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# Fracture Mechanics for

Structural Concrete

1.Introduction
2. Why do we need to consider fracture
mechanics in concrete?
3. Fracture mechanics for concrete
4. Computational Models for fracture

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Introduction

##  When a crack length reaches a certain critical

length, it can propagate, even though the
average stress is much less than the tensile
strength of the test specimen.
 Fracture mechanics tries to find the
quantitative relations between crack length,
material’s resistance to crack growth, and the
stress at which cracks start to propagate.

2
Introduction

##  With classical linear elasticity, we can

calculate the stress concentration effect.
 However, at the very sharp crack tip, the
theory generate an infinite stress.
 Evidently, it is nonphysical.
 If it is true, the strength will be near zero.
Therefore, more rational method needed.

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Introduction

Energy-balance approach

##  In this approach, the crack forms when total

energy does not change or decrease, even
though work is required for the crack to grow.
dE d  dW
  0
dA dA dA Critical condition

## dA: Incremental crack area

E : Total energy
 : Potential energy supplied by release in internal strain energy
W : Work required to create new surfaces

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Introduction

## Energy-balance approach (cont’d)

d   2 a dW
  and  2 s
dA E dA
d /dA: internal strain
energy decreasing rate
dW/dA: work required to
create new surface dA
s : surface energy

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Introduction

##  Internal strain energy is released by creating

free surface.
 Energy-balance concept can be expressed in
energy-release rate (G) concept.
 Crack occurs when G reaches a critical value.
d
G
dA
 : Potential energy defined by U-F
U : Strain energy stored in the body
F : Work done by external force
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Introduction

Crack modes

## Note that there is no compression crushing.

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Fracture Mechanics for
Structural Concrete

1. Introduction
2.Why fracture mechanics in concrete?
3. Fracture mechanics for concrete
4. Computational Models for fracture

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Why fracture mechanics in concrete?

##  Formation of cracks require a certain amount

of energy, which agrees with the fracture
mechanics concept.
 Finite element analysis based on the strength
criteria is unobjective around sharp crack,
that is, the analysis depends on the choice of
mesh size.

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Why fracture mechanics in concrete?

(cont’d)

##  Limit analysis approach based on plasticity

theory cannot be justified in brittle types of
failures, e.g., punching shear, shear failure
without shear reinforcement, etc.
 Size effect can be addressed by fracture
mechanics.
 After all, tension softening type failure
(Quasi-brittle failure) can be tackled by
fracture mechanics.
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Why fracture mechanics in concrete?

Loading (a)

(b) (c)

## Element size along crack (a) 50 (b) 25 (c) 5

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Why fracture mechanics in concrete?

## Mesh size dependence (cont’d)

Stre ss Distribution
7.0E-04
Size 50
Size 25
6.0E-04 Size 5

5.0E-04
Stress (Mpa)

4.0E-04

3.0E-04

2.0E-04

1.0E-04

## reality more accurately?

0.0E+00
0 50 100 150 200 250
Dista nce (m m )

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Why fracture mechanics in concrete?

## Limit of limit analysis

Limit analysis can not explain crack propagation.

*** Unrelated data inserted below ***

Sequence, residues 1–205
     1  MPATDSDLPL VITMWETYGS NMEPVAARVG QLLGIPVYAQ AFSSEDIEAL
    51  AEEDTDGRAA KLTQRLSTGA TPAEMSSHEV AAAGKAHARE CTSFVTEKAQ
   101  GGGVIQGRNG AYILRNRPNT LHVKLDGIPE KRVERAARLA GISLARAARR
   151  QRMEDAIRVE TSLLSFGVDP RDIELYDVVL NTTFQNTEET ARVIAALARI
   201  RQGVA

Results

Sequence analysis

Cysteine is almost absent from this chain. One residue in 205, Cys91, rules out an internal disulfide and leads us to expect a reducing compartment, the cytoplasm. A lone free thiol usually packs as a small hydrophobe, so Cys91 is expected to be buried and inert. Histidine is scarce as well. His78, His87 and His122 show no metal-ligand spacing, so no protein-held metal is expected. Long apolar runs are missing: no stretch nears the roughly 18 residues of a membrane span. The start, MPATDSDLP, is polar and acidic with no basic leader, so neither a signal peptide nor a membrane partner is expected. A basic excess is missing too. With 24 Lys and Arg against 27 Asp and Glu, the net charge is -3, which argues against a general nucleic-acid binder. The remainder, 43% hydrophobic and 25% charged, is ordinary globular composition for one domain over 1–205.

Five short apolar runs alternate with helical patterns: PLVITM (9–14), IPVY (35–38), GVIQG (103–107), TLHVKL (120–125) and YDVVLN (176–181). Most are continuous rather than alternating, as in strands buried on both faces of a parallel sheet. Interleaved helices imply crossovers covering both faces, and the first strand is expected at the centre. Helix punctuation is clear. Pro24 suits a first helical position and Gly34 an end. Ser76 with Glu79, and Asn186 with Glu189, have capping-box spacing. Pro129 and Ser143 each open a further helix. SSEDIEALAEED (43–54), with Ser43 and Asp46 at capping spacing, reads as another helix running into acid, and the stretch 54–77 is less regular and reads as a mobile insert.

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Why fracture mechanics in concrete?

Size effect

##  In classical linear elasticity, critical stress does

not depend on the structure size.

##  However, plain concrete shows strong size

effect, that is, the cracking stress depends on
the specimen or structure size.

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Why fracture mechanics in concrete?

f 't
N 
d
1
 da

## N : prediction for the nominal stress

f 't : tensile strength
da : maximum aggregate size
 : an empirical constant
d : structure or specimen size

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Why fracture mechanics in concrete?

## Double Punch Test Setup Test Result

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Large Beam Failing in Shear

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(Photo Courtesy of Shimizu Corporation)
Influence of Member Depth and Maximum Aggregate Size
on Shear Stress at Failure (Experimental Results, Shioya)

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Shear Design of Transfer Beams

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Construction and Loading of the Large Wide Beam, AT-1 Under
Testing Machine at the University of Toronto

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Observed Load-Deformation Response of Beam AT-1

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Crack Development for Beam AT-1

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Failure Surface of Beam AT-1

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Failure of Large Beam at 47% of ACI Shear Failure Load

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Observed Load-Deformation Response of Beam AT-1

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Influence of Minimum Shear Reinforcement on
Load-Deformation Response of Large Beams

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Fracture Mechanics for
Structural Concrete

1. Introduction
2. Why fracture mechanics in concrete?
3.Fracture mechanics for concrete
4. Computational Models for fracture

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Fracture mechanics for concrete

##  Linear elastic fracture mechanics allows the

stress to approach infinity at a crack tip.
 However, infinite stress cannot develop in real
materials.
 A certain range of inelastic zone must exist
around crack tip.
 In metal, this zone is a yielding zone.

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Fracture mechanics for concrete

## - Includes many microcracks.

- Cohesive pressure still exists
- Must be nonlinear.
- Finite tensile strength f ' t

## - Size is much larger than

steel.
- In contrast to metals,
strain-softening, instead of
strain-hardening, dominates.

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Fracture mechanics for concrete

## Comparison of crack tips

Linear Fracture Metal Concrete

## F : Fracture process zone

N : Nonlinear hardening zone
L : Linear zone